The fair trade law will be changed so that start-up holdings companies will be approved with total assets of 30 billion won, lowered from the current 500 billion won.

Additionally, the stake that a holdings company should have in its unlisted affiliate will be reduced from the current 40 percent to 20 percent. If these regulations are changed, a conglomerate is expected to be able to own as many as 15 start-ups as affiliates.

At the meeting, some raised the need for local venture capitalists to be bolder in their investments.

“It is not easy in preparing the necessary finances for growing solely with government support,” said Seo Kyoung-mi, Linkshops CEO. “Venture capitalists should be bold in their investments just by finding the potential of growing companies.”

Mashup Angels CEO Lee Taek-kyung said massive investment is necessary in order for start-ups to expand.

“[However,] the largest venture capital in Korea is 300 billion won and many are smaller than 100 billion won,” Lee said. “On average, they are 30 billion won.”

Lee said the government’s 12 trillion won scale-up fund will help create larger venture capital investment funds.

Mashup Angels is a company that specializes in investing in ICT start-ups.

Some at the meeting raised the need for regulatory changes.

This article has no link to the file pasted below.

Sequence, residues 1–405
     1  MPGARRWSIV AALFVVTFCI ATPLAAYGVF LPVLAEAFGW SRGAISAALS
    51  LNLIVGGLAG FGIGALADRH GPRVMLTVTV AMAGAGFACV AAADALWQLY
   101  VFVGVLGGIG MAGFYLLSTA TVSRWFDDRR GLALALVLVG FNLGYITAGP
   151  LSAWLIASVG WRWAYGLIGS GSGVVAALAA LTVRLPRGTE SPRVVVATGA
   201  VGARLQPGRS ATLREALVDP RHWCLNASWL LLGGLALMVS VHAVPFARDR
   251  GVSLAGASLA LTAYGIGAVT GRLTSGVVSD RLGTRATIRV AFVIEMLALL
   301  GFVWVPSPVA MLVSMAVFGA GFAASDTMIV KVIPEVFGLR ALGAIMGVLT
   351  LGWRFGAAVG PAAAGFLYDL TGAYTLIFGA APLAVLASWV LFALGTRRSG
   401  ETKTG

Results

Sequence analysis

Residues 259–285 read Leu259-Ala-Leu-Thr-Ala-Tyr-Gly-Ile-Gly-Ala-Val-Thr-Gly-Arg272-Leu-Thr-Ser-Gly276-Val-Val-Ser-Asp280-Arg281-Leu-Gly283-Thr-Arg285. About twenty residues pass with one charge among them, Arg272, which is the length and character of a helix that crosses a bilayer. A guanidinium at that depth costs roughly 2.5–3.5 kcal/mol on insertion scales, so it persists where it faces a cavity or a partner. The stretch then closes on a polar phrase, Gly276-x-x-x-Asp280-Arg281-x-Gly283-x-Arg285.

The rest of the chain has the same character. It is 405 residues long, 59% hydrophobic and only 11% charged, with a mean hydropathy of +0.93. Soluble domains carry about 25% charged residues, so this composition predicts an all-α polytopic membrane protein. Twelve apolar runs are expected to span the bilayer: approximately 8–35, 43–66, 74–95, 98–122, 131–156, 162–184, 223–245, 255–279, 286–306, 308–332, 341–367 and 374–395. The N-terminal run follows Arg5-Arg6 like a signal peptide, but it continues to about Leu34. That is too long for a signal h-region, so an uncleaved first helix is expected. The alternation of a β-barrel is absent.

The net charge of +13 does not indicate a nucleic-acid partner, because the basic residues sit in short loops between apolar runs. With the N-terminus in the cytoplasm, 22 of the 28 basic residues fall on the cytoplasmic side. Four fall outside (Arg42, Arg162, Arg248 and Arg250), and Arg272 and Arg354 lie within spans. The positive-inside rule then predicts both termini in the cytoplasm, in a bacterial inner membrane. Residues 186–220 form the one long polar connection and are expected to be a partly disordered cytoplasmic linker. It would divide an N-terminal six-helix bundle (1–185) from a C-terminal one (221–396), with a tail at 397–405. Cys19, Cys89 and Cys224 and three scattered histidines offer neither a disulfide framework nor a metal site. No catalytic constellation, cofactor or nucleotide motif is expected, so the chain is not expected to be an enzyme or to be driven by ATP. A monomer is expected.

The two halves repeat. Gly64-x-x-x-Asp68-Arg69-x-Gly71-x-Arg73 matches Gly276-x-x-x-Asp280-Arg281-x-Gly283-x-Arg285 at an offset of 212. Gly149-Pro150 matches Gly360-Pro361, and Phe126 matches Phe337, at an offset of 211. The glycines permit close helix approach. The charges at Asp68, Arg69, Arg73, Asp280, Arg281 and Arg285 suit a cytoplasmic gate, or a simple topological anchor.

“Local industrial regulations are hindering the dynamics and vitality of start-up companies,” said Ahn Keon-joon, president of the Korea Venture Business Association, “especially the regulations against new industries.”

Late last year, there were growing complaints about taxi drivers blocking the launch of a carpooling service from the IT company Kakao.

This situation led to a heated debate over conventional industries blocking the introduction of new businesses.

“[While] this administration’s attempt in breaking through [the current situation] with the introduction of a so-called regulatory sandbox is a good direction,” said Ahn, “in order to counter the fourth industrial revolution paradigm, it is important to look [deeply] into the fundamental and structural problems of regulations.”

BY LEE HO-JEONG [lee.hojeong@joongang.co.kr]